We turn now to Appellant's argument that the lower court erred when it found that Heidorn Appeal, 412 Pa. 570, 195 A.2d 349 (1963) controls the instant case. In Heidorn landowners were found to be entitled to a reasonable extension of a nonconforming use. The entitlement was based on our Supreme Court's conclusion that the township was guilty of laches in waiting ten years to take action against an obvious violation of a setback requirement. The laches created a vested right in the landowners to continue to violate the zoning restriction.

[ 61 Pa. Commw. Page 106]

We have stated in the past that Heidorn presented a unique factual situation which should be strictly limited. Milewski v. City of Philadelphia, 27 Pa. Commonwealth Ct. 59, 365 A.2d 680 (1976). It is clear that there are several factors which distinguish Heidorn from the instant case. First, in Heidorn the deviation from the zoning requirement was apparent, indicating township acquiescence in the violation. There also were no objections by citizens to the violation; in fact, seventy-five citizens urged by petition that the use be allowed. Finally, the owners purchased their property in good faith without knowledge of the violation. Since none of these elements are present in the instant case we are left with only one similarity between Heidorn and the case now before us, to wit, a long period of municipal inaction in enforcing a zoning restriction. It is well settled, however, that "mere delay in enforcement does not create a vested right to use property in violation of zoning regulations." Lewis, 24 Pa. Commonwealth Ct. at 576, 357 A.2d at 726. We conclude that Heidorn is not controlling.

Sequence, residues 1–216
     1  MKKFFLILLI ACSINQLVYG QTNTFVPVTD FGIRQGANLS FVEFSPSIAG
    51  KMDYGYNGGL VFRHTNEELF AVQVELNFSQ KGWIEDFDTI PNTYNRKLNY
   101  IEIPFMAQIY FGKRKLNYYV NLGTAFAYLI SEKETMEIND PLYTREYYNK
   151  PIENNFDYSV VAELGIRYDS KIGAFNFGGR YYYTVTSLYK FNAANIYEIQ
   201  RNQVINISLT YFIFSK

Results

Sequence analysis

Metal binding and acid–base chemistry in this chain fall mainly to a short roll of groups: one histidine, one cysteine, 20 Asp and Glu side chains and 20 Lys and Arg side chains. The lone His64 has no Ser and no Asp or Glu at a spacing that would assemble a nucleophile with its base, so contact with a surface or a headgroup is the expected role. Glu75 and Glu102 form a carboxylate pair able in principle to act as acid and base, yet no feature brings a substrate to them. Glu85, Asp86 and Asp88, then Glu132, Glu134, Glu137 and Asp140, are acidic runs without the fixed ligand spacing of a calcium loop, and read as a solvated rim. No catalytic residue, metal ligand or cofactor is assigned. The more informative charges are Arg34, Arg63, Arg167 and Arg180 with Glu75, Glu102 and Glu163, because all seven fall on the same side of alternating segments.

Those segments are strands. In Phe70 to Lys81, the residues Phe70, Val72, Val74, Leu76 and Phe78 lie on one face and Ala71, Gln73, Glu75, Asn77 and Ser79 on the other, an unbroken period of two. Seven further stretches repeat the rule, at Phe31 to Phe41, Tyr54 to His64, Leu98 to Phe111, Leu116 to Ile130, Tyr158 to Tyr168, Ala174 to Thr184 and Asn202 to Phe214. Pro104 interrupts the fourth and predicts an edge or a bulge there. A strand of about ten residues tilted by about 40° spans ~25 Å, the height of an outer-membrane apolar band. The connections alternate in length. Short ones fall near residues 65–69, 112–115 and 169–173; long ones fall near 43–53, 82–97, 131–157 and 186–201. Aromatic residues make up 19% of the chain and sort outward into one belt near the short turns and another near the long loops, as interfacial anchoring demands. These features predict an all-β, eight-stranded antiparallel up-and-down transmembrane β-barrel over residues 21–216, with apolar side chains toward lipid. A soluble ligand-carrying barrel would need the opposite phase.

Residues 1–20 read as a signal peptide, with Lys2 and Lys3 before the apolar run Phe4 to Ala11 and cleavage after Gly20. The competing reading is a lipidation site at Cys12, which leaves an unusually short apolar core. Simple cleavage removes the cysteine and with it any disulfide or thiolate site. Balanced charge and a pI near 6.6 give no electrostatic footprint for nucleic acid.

To summarize, we find that Appellee has failed to prove that she is entitled to a variance. Moreover, mere delay by the Appellant in enforcing its ordinance does not create a vested right in Appellee to continue to use her property in violation of the ordinance.

Accordingly, we reverse the decision of the court below.

Order

And Now, this 6th day of August, 1981 the order of the Court of Common Pleas of Allegheny County, dated August 26, 1980 is reversed and the decision of the Zoning Board of Adjustment of the City of Pittsburgh to deny the application of Elaine Ignelzi for a variance is hereby reinstated for the reasons set forth in the foregoing opinion.

Disposition

Reversed.